Let’s Talk About Consent
Let's Talk About Consent, Bush Post Primary School, Louth
Students from Bush Post Primary School, located in the heart of the Cooley Peninsula, scooped the top prize at the Young Social Innovators of the Year Awards 2019. The Co. Louth school is where the 28 students first developed their winning idea, ‘Let’s Talk about Consent’.
The team, made up of both girls and boys, wanted to help young people to understand the meaning of consent in an accessible way. A number of high profile court cases dealing with rape and consent started a national conversation around consent and stirred up debate about what constituted consent. The team from Bush Post-Primary were no different and they were inspired to focus on communicating consent in an accessible way for young people through their Young Social Innovators project.
“We see a lot of debate in the papers and social media,” said team member Orla, “but we really wanted to portray our message around consent in a way that young people can easily understand.” The young changemakers came up with a creative and relatable analogy comparing sexual consent to jumping into a swimming pool. “As well as outlining what consent isn’t, we have outlined what consent is and how consent can be communicated,” said the innovators. “For example, even if there’s a person dipping their toes in the water or paddling in the shallow end, it doesn’t mean they want to go diving in the deep end.” The analogy, in turn, gave rise to their idea to produce a scripted podcast and an animated video that explains what consent means in an innovative, interesting and accessible way.
“Our unique selling point is that our podcasts are produced by teenagers who are communicating to teenagers,” said the Louth teens. Conscious that the issue is a sensitive one, the group worked with the Rape Crisis Centre to ensure that their messaging was both accurate and appropriate. Keen to harness the potential power of the media to get their message across, they approached popular RTE DJ Will Leahy, who recorded a short piece for inclusion in the podcast. They were provided studio time by the team at LMFM to record their podcast professionally.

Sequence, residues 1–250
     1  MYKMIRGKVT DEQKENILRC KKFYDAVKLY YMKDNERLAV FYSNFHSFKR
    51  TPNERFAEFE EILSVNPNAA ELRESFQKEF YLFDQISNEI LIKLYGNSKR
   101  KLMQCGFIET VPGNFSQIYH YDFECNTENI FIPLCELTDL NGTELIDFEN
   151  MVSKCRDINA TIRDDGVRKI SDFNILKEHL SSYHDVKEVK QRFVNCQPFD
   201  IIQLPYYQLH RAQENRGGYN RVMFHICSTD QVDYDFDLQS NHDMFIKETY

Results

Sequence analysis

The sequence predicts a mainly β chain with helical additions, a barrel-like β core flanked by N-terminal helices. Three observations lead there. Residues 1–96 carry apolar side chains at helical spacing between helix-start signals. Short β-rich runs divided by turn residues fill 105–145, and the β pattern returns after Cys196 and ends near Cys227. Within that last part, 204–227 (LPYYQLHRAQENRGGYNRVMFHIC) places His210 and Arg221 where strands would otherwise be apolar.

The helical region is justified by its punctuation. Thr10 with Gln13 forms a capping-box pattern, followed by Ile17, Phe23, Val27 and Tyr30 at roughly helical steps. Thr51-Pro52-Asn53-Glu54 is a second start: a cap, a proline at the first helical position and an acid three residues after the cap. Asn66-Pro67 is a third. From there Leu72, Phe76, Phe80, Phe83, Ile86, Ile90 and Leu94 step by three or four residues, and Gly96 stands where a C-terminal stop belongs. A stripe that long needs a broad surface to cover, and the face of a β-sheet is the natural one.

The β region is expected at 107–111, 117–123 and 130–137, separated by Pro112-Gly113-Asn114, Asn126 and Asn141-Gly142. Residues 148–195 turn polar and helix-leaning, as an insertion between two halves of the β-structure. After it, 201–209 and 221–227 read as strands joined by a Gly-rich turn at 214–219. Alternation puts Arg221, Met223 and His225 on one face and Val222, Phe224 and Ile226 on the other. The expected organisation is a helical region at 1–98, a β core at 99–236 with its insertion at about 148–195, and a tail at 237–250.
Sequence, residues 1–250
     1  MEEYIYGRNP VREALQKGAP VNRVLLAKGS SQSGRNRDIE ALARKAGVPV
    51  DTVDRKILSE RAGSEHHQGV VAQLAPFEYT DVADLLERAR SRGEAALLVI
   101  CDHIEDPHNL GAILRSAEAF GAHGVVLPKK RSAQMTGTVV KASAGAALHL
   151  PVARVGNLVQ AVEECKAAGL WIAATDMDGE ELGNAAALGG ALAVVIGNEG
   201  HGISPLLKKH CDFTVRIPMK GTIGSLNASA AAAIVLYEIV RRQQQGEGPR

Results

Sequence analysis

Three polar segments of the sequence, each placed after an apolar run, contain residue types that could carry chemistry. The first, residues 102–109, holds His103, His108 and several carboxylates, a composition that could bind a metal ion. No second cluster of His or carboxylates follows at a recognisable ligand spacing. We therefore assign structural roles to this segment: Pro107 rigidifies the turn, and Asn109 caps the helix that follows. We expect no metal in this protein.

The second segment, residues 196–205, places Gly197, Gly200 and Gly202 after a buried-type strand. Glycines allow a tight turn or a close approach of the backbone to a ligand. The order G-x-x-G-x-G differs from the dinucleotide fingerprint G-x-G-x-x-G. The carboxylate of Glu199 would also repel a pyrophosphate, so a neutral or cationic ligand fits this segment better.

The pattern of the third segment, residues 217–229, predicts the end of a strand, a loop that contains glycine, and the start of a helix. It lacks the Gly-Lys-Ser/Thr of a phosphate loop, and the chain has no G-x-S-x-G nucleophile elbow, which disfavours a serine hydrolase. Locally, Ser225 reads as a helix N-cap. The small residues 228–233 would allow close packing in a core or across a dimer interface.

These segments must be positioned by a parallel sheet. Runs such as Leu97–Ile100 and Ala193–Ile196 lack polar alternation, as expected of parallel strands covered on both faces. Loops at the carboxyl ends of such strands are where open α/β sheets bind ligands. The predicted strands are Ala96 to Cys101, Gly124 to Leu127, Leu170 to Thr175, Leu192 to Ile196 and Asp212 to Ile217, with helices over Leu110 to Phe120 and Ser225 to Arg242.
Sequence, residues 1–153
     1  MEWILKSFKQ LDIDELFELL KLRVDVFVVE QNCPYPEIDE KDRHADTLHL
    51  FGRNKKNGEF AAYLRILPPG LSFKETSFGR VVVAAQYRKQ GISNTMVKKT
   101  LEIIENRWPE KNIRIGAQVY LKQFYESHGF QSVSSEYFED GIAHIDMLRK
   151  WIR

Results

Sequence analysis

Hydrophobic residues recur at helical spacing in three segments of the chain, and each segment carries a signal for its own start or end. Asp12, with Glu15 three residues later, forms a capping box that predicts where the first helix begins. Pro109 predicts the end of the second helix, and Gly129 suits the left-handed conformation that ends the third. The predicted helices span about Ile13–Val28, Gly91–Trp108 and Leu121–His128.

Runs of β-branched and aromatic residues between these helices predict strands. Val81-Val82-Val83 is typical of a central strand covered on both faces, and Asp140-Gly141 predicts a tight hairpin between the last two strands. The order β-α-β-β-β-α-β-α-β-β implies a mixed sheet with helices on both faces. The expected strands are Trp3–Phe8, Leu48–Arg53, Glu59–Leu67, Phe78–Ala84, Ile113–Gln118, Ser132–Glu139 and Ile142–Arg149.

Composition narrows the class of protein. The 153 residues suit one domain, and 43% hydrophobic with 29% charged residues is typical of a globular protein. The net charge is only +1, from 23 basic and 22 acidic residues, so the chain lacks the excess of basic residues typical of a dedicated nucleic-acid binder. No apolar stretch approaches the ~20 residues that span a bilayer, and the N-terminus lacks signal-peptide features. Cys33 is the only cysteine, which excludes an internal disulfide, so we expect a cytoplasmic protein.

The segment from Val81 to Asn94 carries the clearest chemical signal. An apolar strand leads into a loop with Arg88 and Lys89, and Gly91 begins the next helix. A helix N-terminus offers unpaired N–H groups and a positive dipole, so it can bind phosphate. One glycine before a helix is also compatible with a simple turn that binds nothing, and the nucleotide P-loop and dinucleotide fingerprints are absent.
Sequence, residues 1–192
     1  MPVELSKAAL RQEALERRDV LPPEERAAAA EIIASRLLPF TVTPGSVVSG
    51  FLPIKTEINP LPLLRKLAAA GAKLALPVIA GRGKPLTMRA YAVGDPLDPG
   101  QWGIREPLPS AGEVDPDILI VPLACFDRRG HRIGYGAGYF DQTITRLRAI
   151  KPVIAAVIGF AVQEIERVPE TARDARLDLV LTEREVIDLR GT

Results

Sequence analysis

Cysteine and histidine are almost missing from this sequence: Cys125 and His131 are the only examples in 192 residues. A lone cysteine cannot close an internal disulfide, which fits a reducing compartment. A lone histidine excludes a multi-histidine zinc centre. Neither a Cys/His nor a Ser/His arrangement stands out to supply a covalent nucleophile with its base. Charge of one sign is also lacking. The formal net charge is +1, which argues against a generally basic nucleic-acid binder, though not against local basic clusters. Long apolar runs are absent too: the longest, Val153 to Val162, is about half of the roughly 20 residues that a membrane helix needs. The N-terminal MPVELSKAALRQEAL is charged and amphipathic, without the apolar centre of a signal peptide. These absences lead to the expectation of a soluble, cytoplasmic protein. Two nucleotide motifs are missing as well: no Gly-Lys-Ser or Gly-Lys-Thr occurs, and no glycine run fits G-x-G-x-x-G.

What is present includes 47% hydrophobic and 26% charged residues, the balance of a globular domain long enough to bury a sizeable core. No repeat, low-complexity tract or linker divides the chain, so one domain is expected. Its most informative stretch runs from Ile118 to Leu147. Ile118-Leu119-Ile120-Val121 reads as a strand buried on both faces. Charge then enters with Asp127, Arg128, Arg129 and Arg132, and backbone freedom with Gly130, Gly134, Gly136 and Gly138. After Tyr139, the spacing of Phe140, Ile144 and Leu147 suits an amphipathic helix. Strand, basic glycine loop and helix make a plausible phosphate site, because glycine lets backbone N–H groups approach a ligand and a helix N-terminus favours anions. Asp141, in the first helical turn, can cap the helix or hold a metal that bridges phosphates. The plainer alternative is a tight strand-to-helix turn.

Asked what impact their project has had, Orla said “We made a huge difference. In our school, people are talking about consent in a more open way. It’s a taboo subject and we turned it around and that’s a huge thing.” The team also worked on co-producing their scripted animation with a professional animation company, with big ideas for the advancement of their project. “As the podcast grows we hope that bloggers and other social influencers will see our podcast and will share it,” says the team.
The students are learning so many skills that they wouldn’t necessarily learn in an academic classroom setting, such as communications and IT skills. These skills are so transferable and this experience will stand to them forever, benefiting them in the future.
“The potential of this project to have an impact on students all over Ireland, and even further afield, is huge,” said Rachel Collier, CEO and Co-founder of Young Social Innovators. “It is the innovative nature of this project that really caught the eye of the judges. Lots of young people are talking about consent, but this team of social innovators has developed a solution that tackles the problem in a really original way. Combined with their innovative actions to bring their message to a wider audience, this project has exciting potential.”
Their teacher, Colette Owens, explained what the win means to the school, the team and the community, “We’re a small school and this is a huge achievement. This is what transition year is all about.” She continued, “The students are learning so many skills that they wouldn’t necessarily learn in an academic classroom setting, such as communications and IT skills. These skills are so transferable and this experience will stand to them forever, benefiting them in the future.” Owens went on to explain the impact that Young Social Innovators has had on her as a teacher: “Through YSI you get to know the students on a different level and in a different way. That creates such a lovely rapport with the students.”